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Imagine my surprise when “Naked Weapon”, a movie written by Jing Wong, the man behind such lackluster fare as “The Duel” and “High Risk”, turned out to be one of the more entertaining films I’ve seen in a long while. The movie, about young girls abducted (some lured by promises of wealth) into the training camp of one Madame M to be her next elite international assassin, is a Chicks Kick Ass flick in the vein of “Charlie’s Angels”, but with the sensibility of a Playboy Wet and Wild video, and the balls of Hong Kong action films like Tsui Hark’s “Time and Tide.”
I wouldn’t go so far as to call “Naked Weapon” great, but it certainly exceeded my expectations. (Which, if you know my low threshold for all things Jing Wong, is quite a feat.) The film opens with CIA agent-in-training Jack (Daniel Wu) on assignment somewhere in Europe. Jack and two fellow CIA agents are tracking one of Madame M’s killers in hopes the female assassin will lead them to Madame M herself. (All of Madame M’s assassins are drop dead gorgeous females who use sex as a weapon, although they can kill whole battalions and still look like supermodels in the process.) The surveillance goes wrong and after a firefight, Jack is the only survivor.
With her latest assassin dead, Madame M pursues new recruits, and finds two in Charlene (Maggie Q.) and Katt (Anya). Charlene is the daughter of a wealthy socialite, but Katt is a street urchin who boxes grown men (and beats them) for her daily meals. For Katt, Madame M’s vicious training island, where armed men stands guard and recruits are weed out by way of execution on a daily basis, is her ticket off the streets. Charlene, who was abducted, longs for home. The two girls, both 13, become close friends, forming a bond that hints at being something more. Fast-forward 6 years later, and Charlene, Katt, and another girl emerges as the 3 survivors of Madame M’s 6-year long boot camp. (All the other recruits have perished during the “training” process.)
“Naked Weapon” is half exploitation and half balls-out action. Director Siu-Tung Ching handles both angles exceptionally well. The movie looks great, and leads Maggie Q. and Anya are more than easy on the eyes. The women have all obviously gone through extensive training and as a result execute their martial arts move with credibility and flair. The movie moves well, and the action comes fast and furious. In-between bloody confrontation between the sexy assassins and their targets (and their targets’ hundreds of faceless bodyguards), Ching and producer Jing Wong puts the trio in tight-fitting outfits, all the better to show every inch of their lean and hard bodies, making “Naked Weapon” a triumph in more ways than one.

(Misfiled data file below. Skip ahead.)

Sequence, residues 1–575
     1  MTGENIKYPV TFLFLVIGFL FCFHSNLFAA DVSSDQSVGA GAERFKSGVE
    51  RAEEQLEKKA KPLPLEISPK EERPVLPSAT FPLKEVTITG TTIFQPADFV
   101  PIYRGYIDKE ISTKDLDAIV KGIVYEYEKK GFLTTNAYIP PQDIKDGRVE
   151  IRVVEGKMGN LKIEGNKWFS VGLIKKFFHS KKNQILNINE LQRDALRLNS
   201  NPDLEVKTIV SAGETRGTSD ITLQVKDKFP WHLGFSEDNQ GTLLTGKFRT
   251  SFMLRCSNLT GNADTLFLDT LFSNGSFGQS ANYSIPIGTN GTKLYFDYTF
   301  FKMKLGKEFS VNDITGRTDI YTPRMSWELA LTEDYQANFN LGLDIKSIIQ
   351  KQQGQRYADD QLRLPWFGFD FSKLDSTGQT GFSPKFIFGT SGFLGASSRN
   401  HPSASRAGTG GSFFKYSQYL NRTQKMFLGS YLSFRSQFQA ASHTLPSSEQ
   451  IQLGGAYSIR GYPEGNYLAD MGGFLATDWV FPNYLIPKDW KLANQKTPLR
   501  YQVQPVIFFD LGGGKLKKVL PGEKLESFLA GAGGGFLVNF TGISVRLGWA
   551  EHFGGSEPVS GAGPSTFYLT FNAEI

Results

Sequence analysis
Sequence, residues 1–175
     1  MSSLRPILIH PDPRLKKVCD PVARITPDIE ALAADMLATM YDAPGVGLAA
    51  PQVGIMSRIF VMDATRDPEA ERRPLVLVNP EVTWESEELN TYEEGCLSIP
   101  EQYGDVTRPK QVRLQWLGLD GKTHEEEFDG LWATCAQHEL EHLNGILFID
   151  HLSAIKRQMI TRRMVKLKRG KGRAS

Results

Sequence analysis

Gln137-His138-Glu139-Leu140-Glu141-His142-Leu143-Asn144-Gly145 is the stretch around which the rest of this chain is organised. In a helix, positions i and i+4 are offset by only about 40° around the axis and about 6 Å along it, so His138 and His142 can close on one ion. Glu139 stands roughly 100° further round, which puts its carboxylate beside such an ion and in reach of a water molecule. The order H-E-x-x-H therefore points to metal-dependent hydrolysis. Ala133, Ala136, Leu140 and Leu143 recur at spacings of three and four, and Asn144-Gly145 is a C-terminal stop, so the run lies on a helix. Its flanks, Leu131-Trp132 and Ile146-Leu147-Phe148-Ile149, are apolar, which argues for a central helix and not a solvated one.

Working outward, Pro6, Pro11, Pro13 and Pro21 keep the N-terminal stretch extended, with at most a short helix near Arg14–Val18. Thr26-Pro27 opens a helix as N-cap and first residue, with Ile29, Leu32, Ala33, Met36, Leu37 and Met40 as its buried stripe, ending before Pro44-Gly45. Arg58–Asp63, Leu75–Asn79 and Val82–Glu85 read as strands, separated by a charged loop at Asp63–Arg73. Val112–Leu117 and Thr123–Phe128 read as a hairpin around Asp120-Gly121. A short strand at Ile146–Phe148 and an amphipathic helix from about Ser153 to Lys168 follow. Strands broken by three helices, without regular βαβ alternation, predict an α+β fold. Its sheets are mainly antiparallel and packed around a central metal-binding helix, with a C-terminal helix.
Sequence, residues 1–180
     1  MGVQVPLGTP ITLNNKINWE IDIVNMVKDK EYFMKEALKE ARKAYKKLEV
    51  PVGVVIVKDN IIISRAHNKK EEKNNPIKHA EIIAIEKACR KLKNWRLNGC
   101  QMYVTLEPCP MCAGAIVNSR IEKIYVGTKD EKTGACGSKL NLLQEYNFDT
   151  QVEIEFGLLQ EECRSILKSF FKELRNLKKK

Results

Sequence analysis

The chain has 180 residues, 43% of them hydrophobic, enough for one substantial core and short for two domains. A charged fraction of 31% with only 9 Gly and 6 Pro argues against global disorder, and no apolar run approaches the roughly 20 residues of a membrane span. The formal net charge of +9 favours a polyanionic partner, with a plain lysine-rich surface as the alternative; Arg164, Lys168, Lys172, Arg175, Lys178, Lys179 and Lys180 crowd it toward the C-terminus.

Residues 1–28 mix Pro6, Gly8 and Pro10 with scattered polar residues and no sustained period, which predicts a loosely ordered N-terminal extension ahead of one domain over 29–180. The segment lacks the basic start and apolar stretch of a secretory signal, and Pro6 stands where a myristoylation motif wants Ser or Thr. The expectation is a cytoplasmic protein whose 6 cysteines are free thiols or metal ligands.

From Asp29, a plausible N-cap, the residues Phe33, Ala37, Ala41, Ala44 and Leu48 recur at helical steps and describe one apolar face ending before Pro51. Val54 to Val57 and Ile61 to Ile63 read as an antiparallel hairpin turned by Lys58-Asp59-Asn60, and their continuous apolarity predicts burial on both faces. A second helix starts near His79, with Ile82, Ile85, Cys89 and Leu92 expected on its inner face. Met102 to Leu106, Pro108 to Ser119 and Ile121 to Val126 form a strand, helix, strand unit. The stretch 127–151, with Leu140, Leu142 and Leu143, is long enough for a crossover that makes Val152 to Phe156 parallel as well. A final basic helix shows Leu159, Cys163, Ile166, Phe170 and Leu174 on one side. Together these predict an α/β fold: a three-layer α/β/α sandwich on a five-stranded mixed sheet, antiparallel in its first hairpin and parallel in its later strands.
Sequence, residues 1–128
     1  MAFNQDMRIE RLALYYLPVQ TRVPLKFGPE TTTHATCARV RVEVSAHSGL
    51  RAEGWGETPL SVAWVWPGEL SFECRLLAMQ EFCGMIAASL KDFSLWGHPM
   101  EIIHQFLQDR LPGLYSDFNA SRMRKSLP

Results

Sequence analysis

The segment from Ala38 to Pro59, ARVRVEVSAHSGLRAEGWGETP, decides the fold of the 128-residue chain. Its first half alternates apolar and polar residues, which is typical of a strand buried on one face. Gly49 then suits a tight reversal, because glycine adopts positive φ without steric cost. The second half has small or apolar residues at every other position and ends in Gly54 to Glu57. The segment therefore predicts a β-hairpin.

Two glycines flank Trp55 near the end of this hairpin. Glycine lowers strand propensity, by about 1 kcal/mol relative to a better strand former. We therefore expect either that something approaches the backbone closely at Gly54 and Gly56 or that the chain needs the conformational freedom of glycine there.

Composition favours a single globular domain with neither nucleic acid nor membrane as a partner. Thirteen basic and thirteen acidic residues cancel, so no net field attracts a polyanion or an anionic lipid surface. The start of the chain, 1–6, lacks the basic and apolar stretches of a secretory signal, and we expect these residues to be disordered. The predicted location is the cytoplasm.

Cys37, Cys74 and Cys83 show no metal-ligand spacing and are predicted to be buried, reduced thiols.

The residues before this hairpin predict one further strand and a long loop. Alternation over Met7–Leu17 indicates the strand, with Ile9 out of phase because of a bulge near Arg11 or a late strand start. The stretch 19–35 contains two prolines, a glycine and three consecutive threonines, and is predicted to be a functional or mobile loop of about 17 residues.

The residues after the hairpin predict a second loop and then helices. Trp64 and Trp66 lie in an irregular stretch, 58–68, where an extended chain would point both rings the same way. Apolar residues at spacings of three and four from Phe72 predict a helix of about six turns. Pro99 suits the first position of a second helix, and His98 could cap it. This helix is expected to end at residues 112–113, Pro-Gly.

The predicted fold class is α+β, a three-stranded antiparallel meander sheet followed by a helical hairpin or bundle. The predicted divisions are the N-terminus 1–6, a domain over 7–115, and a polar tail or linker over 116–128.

If there is one fumble it has to be the movie’s first Act, which takes place on Madame M’s island and involves the girls’ training. There are a number of miscues here, and for a moment I feared “Naked Weapon” would become another silly Jing Wong movie, filled with blood and guts, grossly bad acting, a barely serviceable script, and unbelievable plot contrivances. Fortunately the first Act ends with an exciting free-for-all inside a cage that Madame M uses to weed out the remaining survivors, and the rest is all gravy.
The rest of the film looks like a glitzy music video, and Maggie Q. and company struts around in revealing clothes while taking out victims left and right. Daniel Wu’s Jack also re-enters the picture, but he’s only a side character. The women are the real stars here. Wu’s Jack is something of a klutz, and in a funny scene he loses his gun while leaping over a wall. Hey, Jack, your shoulder holster has a fastening thong that goes over the gun for a reason, buddy. The romance between Jack and Charlene is a little silly, but thankfully it’s barely touched upon, although the filmmakers couldn’t resist giving us a gratuitous nude scene involving Maggie Q. and ocean water. (Not that I’m complaining, natch.)
“Naked Weapon” is not what you would call “grounded in reality.” Its action sequences are highlighted with extreme wire work and director Ching pulls out all the stops, employing everything from stop-motion to freeze frame to fast-motion to achieve one exciting action sequence after another. The movie works, is sometimes funny, but mostly plays out as a (mildly) serious action film.
Siu-Tung Ching (director) / Jing Wong (screenplay)
CAST: Maggie Q …. Charlene
Anya …. Katt
Daniel Wu …. Jack
Jewel Lee …. Jing
Pei-pei Cheng …. Faye
Almen Wong Pui-Ha …. Madame M